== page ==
July 21, 2021

This type of chronic liver disease isn’t always caused by alcohol consumption. Know the signs and treatment options.

Cirrhosis is when scar tissue replaces healthy liver tissue. This stops the liver from working normally. Cirrhosis is a long-term (chronic) liver disease. The damage to your liver builds up over time, usually over decades. 

The liver does many important things, including: 

  • Removing waste from the body, such as toxins and medicines. 
  • Making bile to help digest food.
  • Storing and controlling sugar that the body uses for energy.
  • Making nutrients for the body.

When you have cirrhosis, scar tissue slows the flow of blood through the liver. Over time, the liver can’t work the way it should, and blood pressure increases in the blood vessels around the liver.

In severe cases, the liver is damaged badly enough that it stops working; that is liver failure.

What causes cirrhosis?

Anything that causes inflammation in the liver can lead to cirrhosis over time. The most common causes of cirrhosis are:

  • Long-term alcohol abuse
  • Nonalcoholic fatty liver disease (this is caused by conditions such as obesity; high cholesterol, diabetes and high blood pressure) 
  • Viruses that can affect the liver (for example, hepatitis B or hepatitis C)

Other less common causes include:

  • Autoimmune disorders, where the body’s infection-fighting system (immune system) attacks healthy tissue.
  • Conditions that block or damage the tubes (bile ducts) that carry bile from the liver to the intestine, such as primary biliary cholangitis or primary sclerosis cholangitis.
  • Certain medicines.
  • Repeated episodes of heart failure with blood buildup in the liver.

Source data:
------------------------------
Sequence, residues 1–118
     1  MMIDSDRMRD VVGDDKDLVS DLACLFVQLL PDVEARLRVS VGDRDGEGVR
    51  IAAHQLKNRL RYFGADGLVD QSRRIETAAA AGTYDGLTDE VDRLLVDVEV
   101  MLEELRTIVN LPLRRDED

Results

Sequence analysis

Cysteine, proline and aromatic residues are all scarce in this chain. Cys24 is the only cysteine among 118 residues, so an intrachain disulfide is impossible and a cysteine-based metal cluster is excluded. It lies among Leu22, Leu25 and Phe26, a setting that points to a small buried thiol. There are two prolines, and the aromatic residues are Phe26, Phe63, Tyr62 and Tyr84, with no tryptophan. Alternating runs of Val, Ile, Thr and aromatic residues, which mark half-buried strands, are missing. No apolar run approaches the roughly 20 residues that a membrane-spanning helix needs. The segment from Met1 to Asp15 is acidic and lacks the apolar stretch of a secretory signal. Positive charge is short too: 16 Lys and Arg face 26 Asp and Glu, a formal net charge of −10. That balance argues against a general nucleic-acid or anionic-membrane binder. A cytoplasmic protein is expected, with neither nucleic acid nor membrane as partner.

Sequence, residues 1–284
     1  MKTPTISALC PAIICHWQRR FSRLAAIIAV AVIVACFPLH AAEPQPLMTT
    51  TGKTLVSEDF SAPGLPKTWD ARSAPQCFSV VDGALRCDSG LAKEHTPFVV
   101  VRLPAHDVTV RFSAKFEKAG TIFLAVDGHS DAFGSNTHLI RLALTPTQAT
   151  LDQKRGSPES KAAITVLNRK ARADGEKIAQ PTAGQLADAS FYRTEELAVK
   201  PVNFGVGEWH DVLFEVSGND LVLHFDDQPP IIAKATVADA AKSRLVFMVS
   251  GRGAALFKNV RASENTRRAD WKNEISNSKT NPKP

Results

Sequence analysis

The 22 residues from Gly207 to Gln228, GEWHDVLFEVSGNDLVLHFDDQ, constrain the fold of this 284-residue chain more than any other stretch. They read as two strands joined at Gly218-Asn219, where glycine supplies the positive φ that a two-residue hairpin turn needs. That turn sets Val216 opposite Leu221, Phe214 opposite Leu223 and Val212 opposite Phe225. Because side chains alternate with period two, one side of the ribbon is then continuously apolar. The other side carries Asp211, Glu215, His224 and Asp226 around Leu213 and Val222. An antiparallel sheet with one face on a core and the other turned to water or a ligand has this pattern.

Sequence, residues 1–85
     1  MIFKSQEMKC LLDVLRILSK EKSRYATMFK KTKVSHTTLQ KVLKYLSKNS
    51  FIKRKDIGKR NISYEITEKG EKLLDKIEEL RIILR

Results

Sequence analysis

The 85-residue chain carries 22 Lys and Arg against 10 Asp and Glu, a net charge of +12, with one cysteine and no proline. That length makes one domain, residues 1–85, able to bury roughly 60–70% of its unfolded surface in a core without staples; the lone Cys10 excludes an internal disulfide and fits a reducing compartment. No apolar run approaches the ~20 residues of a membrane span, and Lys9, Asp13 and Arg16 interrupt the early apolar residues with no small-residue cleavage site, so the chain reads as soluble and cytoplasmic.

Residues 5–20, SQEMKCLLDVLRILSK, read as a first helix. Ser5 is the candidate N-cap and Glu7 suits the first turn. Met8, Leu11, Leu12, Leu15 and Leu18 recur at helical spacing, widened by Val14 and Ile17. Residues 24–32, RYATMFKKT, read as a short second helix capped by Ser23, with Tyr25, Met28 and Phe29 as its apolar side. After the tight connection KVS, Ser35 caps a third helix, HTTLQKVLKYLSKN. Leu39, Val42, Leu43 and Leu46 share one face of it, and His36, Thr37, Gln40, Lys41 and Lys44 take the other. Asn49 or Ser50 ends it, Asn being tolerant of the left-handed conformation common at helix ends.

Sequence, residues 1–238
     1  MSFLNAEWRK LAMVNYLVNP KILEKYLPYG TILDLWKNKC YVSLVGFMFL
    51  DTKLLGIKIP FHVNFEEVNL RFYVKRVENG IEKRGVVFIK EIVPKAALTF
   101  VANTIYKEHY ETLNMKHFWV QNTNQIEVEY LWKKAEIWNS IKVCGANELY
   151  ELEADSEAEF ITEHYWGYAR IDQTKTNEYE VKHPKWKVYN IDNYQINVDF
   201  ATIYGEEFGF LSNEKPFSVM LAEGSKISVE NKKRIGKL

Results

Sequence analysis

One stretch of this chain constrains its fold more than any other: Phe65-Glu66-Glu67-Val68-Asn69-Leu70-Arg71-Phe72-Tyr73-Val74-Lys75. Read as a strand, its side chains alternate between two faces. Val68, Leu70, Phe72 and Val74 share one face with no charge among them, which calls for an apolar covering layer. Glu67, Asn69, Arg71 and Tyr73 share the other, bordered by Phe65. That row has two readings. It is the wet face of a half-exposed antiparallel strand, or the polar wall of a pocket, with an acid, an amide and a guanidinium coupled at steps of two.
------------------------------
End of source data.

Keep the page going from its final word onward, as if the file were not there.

• Some diseases passed from parent to child may also cause cirrhosis, such as the abnormal buildup of copper in Wilson’s disease; abnormal buildup of iron in hemochromatosis; and lung and liver disease in alpha-one-antitrypsin deficiency.

What are the signs of cirrhosis?

Your symptoms may vary depending on how severe your liver disease is. Mild cirrhosis may not cause symptoms at all.

Symptoms can include:

  • Fluid buildup in the belly (ascites)
  • Vomiting blood, often from bleeding in the blood vessels in the food pipe (esophagus)
  • Confusion as toxins build up in the blood
  • Itching
  • Yellowing of the skin and eyes (jaundice)
  • Muscle loss
  • Loss of appetite
  • Easy bruising
  • Spider-like veins in the skin
  • Low energy and weakness (fatigue)
  • Weight loss
  • Kidney failure

These symptoms may look like other health problems. Talk with your healthcare provider for a diagnosis.

Learn more about liver transplants

To find out whether you are a candidate for a liver transplant, speak to a transplant coordinator at 615- 813-6430.

How is cirrhosis treated?

Cirrhosis gets worse over time. However, damage to your liver can sometimes reverse or improve if the cause of the problem is gone, such as getting treatment for a viral infection or by abstaining from alcohol.

The goal of treatment is to slow down the buildup of scar tissue and prevent or treat other health problems. Your healthcare provider may recommend:

  • Eating a healthy, low-salt diet
  • Avoiding alcohol and illegal drugs 
  • Managing any health problems that happen because of cirrhosis 

If you have metabolic syndrome, it’s important to lose weight and manage any underlying conditions such as diabetes. 

Talk with your healthcare provider before taking prescription medicines, over-the-counter medicines or vitamins. 

Ask your healthcare provider about recommended vaccines. These include vaccines for viruses that can cause liver disease. 

If you have severe cirrhosis, treatment can’t always control all symptoms. A liver transplant may be needed. Other treatments may be specific to your cause of cirrhosis, such as controlling excessive iron or copper levels or using immune-suppressing medicines. Talk to your healthcare provider or your transplant coordinator with any questions.

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The Vanderbilt Transplant Center‘s liver transplant specialists offer complete care for liver and bile duct diseases. The center’s surgeons have the expertise for dual-organ operations, including liver-heart and liver-kidney transplants, to help people with even the most complicated medical challenges. For more information, call 615-813-6430.

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